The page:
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Luther Stueland, Published May 06 2010

Moorhead residents require liberty, leadership, not roof

Six months ago I was elected to the Moorhead City Council after a 13-week campaign during which I was able to meet thousands of residents in the northern portion of the city. I listened to your concerns, your constructive criticisms of and hopes for our community.

While there was broad support for reduced taxes and improved essential services, the ideas for quality-of-life changes were beautifully diverse. It impressed upon me how citizens value individual choice.

Despite the good intentions behind the creation of citywide social policies, they squash diversity and limit the kinds of choices we can make by institutionalizing currently popular things. It puts your representatives in the position of trying to predict consumer demand, while anchoring taxpayers to ideas whose time may have passed. While we could mistakenly view elections as mandates to manipulate how citizens live, I think we do our best service when promoting freedom where possible.

Late in 2009, a spirited debate started in regard to questioning city ownership of a beautiful million-dollar property that the Rourke Art Gallery Museum occupies (not to be confused with the Rourke Art Gallery, housed in a privately owned building). Now the city has negotiated a new 30-year lease with the Rourke board that could likely be approved by the City Council on May 10.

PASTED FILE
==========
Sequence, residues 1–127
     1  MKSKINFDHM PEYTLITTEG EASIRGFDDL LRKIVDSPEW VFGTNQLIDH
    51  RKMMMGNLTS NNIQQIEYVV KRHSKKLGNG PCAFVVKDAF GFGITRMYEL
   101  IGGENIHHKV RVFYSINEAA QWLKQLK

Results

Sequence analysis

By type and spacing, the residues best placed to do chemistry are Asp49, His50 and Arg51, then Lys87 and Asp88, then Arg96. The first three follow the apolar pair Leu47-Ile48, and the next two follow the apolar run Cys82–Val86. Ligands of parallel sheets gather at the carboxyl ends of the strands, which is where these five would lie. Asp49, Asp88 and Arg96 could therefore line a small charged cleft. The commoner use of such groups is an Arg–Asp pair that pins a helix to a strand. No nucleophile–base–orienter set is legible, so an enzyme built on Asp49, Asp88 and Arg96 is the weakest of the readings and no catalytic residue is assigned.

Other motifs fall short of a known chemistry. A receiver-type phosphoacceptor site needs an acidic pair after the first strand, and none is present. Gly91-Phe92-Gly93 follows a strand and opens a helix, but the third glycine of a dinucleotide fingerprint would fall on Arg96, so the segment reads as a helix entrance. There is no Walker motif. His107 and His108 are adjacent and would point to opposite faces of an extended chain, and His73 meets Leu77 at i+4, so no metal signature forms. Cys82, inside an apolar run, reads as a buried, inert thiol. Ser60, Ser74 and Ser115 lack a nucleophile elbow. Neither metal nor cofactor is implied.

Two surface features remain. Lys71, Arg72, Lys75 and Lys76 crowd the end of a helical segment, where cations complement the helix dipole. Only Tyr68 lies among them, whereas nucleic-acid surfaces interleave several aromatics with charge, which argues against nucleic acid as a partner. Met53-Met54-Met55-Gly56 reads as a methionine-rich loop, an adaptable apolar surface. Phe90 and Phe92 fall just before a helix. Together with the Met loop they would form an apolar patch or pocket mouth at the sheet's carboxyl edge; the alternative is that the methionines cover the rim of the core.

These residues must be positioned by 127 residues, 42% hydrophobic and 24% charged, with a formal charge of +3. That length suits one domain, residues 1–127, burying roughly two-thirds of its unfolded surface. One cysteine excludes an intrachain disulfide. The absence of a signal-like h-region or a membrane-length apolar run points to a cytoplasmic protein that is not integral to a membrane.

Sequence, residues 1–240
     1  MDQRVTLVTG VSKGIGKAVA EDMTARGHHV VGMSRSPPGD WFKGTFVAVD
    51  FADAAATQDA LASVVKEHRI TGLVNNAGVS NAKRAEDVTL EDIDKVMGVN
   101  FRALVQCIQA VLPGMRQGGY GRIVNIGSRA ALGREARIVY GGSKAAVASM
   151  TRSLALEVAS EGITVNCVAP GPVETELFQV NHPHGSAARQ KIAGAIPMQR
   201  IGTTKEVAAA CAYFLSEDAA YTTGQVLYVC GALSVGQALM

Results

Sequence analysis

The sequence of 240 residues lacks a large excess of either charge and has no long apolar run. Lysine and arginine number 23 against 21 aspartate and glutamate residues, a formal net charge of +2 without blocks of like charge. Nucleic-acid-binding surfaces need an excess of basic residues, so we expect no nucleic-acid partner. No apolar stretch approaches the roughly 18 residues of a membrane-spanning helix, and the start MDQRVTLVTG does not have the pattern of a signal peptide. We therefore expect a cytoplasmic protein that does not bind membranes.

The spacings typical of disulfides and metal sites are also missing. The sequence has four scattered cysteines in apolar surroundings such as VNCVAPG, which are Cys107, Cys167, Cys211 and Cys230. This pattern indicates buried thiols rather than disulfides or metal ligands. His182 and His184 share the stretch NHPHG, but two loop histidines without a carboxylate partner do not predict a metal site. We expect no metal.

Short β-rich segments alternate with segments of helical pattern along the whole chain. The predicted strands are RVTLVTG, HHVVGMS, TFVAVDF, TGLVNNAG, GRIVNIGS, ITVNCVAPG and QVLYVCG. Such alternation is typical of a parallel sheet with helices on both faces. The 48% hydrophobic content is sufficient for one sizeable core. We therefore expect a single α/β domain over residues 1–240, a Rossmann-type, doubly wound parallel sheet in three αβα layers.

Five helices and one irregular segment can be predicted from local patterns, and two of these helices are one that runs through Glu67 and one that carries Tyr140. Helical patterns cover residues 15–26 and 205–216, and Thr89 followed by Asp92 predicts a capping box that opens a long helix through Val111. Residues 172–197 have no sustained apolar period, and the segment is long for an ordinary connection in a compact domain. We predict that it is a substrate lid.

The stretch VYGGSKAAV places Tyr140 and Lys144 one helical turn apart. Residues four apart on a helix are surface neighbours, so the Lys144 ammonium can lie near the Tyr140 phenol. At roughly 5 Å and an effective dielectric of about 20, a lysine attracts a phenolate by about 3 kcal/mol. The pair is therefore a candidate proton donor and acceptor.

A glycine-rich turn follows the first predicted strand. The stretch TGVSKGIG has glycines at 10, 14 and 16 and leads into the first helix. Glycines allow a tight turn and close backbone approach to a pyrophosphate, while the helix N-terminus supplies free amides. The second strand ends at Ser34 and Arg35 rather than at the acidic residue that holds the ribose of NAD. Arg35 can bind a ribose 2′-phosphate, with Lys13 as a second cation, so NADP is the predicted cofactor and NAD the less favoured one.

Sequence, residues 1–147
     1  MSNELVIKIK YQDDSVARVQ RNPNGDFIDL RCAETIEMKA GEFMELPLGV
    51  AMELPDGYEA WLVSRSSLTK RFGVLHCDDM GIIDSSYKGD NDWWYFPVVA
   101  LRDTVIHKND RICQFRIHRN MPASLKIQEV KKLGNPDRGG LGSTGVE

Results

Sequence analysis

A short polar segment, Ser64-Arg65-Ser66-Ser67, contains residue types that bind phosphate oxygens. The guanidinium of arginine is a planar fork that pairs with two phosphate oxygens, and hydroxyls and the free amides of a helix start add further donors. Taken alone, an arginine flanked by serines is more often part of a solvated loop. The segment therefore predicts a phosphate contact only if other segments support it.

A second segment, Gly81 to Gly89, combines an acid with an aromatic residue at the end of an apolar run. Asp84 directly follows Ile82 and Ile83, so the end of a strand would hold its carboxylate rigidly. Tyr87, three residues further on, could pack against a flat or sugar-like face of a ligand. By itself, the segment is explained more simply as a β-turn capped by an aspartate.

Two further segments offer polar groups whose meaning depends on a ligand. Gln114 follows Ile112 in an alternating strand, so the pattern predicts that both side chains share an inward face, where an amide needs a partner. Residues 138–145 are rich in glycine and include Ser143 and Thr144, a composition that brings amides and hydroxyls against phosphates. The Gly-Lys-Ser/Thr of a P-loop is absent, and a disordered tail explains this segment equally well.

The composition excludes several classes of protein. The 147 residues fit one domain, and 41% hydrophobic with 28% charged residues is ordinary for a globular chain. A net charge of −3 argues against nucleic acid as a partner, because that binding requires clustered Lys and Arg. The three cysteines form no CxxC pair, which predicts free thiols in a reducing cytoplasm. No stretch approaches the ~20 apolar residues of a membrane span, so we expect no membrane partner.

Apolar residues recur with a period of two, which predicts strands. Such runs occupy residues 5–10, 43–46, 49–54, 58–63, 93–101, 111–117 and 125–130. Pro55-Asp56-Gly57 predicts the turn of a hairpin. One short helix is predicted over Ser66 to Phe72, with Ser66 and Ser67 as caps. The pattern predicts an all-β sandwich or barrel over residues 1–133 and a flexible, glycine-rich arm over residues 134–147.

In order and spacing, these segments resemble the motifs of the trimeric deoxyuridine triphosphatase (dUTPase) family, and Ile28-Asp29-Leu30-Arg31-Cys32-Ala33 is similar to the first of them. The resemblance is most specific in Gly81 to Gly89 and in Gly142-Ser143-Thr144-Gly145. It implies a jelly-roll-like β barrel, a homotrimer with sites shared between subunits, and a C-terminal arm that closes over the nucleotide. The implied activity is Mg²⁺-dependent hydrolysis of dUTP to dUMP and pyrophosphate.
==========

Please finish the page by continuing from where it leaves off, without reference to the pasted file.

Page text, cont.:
In addition to reducing the Rourke’s responsibility for the immediate roof repairs that leaves taxpayers on the hook for up to 76 percent of the cost, it also ties up another city-owned real estate asset for at least another generation. I favor sale of the building and use of the proceeds to potentially reduce taxes, improve infrastructure or pay off debt.

Important to remember is that the sale of the building would neither mean its demolition (it is on the National Registry of Historic Places) nor the elimination of art in the city. In fact, I’d like to think that if there is broad community support, then forced subsidization isn’t necessary.

I use the term forced, not to be inflammatory, but to point out the fact that citizens do not have a choice in the matter. They are increasingly frustrated that tax dollars are used for non-essential programs and projects. I think Moorhead residents appreciate diversity. I believe they prefer greater choice. I know they embrace individuality and the opportunity to spend their earnings as they see fit.

So while stability in providing public safety and infrastructure is desirable, in matters of diverse quality-of-life issues, I would suggest people prefer more freedom, broader flexibility and the choices that liberty brings.


Stueland serves as Moorhead Ward 1 City Council member.